As a contrast, the becoming perspective relies on a process ontology while the organization is perceived as a sea of constant flux and change through which the organization emerges on the way. In this process-oriented perspective, attention is directed toward “that which is becoming.” In this perspective, the organization is perceived as a world-making phenomenon emerging through ceaseless processes of transformation. This approach is often referred to as the dwelling approach, that is, to dwell in the world-making phenomenon letting it happen. This perspective tends to ignore that which exists, that is the ready-made forms, and only focus on that which is becoming.
In this chapter, the proposed being-in-becoming perspective views the tension between being and becoming as a dialectical interplay that is decisive to organizational transformation. However, in the being-in-becoming perspective, “entities” are viewed from a quantum perspective whereby being-in-becoming differs from the substance ontology in its view of the nature of “entities.” In this perspective, the organization is viewed as a dialectical interplay between, at the one hand, the organizational form(ing) of life and, at the other hand, the aliveness of unfolding and transforming living life-worlds of being-in-the-world in fluid space and open time. This dialectical interplay is conceived as central in organizational world-creating processes.
The aim of the chapter is to develop a conceptual framework of a quantum relational process philosophy that embraces the dialectics of transforming organizations. The contribution is to be capable of understanding the performative consequences of dialectic to organizational transformation viewed from the being-in-becoming perspective of the quantum relational process philosophy.
Through the contribution of Heidegger, Hegel, Aristotle, and Boje, and further enriched by Barad, Bakhtin, and Shotter, a conceptual framework is developed for understanding, analyzing, and problematizing dialectical organizational world-creating.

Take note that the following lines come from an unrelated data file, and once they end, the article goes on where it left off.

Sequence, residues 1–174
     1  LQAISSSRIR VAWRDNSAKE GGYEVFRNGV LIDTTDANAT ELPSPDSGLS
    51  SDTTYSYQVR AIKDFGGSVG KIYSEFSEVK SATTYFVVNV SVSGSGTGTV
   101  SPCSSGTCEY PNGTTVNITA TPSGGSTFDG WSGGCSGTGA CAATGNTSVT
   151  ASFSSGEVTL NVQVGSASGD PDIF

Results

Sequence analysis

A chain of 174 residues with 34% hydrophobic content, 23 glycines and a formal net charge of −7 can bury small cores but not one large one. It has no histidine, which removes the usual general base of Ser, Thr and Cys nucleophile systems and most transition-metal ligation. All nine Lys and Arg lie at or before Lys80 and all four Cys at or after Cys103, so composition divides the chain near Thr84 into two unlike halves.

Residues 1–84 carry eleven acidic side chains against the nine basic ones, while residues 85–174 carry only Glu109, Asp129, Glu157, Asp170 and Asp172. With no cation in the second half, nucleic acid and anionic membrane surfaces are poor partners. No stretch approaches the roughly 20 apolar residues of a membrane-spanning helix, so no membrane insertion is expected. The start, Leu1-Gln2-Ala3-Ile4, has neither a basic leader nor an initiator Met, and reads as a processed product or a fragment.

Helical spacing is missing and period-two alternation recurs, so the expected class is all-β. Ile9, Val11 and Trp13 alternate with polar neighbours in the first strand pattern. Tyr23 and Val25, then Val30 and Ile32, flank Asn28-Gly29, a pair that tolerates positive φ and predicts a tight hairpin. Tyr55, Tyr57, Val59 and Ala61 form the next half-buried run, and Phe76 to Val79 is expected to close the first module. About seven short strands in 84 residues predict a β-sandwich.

This framework is called “Fourfold World-Creating.” The fourfold world-creating framework keeps the dialectic of organizational transformation at its center while it at the same time take into consideration the dialectical interplay of ontology, epistemology, and ethic. In this sense, the framework is proposed as quantum relational process philosophy. The incorporation of ethic in the quantum relational process philosophy represents an additional contribution of the chapter.
The fourfold world-creating framework is furthermore suggested to be conceived as a quantum relational process philosophy of the antenarrative dimension in David Boje’s quantum storytelling triad framework encompassing: (1) the narrative, (2) the living stories, and (3) the antenarrative. In his recent research, David Boje has a developed a dialectical perspective on his storytelling framework. Following in line with this thinking, this chapter suggests viewing (1) the narrative as the ready-made form, (2) the living stories as the living life-worlds, and (3) the antenarrative as fourfold world-creating.
In this sense, the proposed dialectical fourfold world-creating framework and its embeddedness in the quantum relational process philosophy contributes to our understanding of the research contributes of antenarrative storytelling in organizational studies.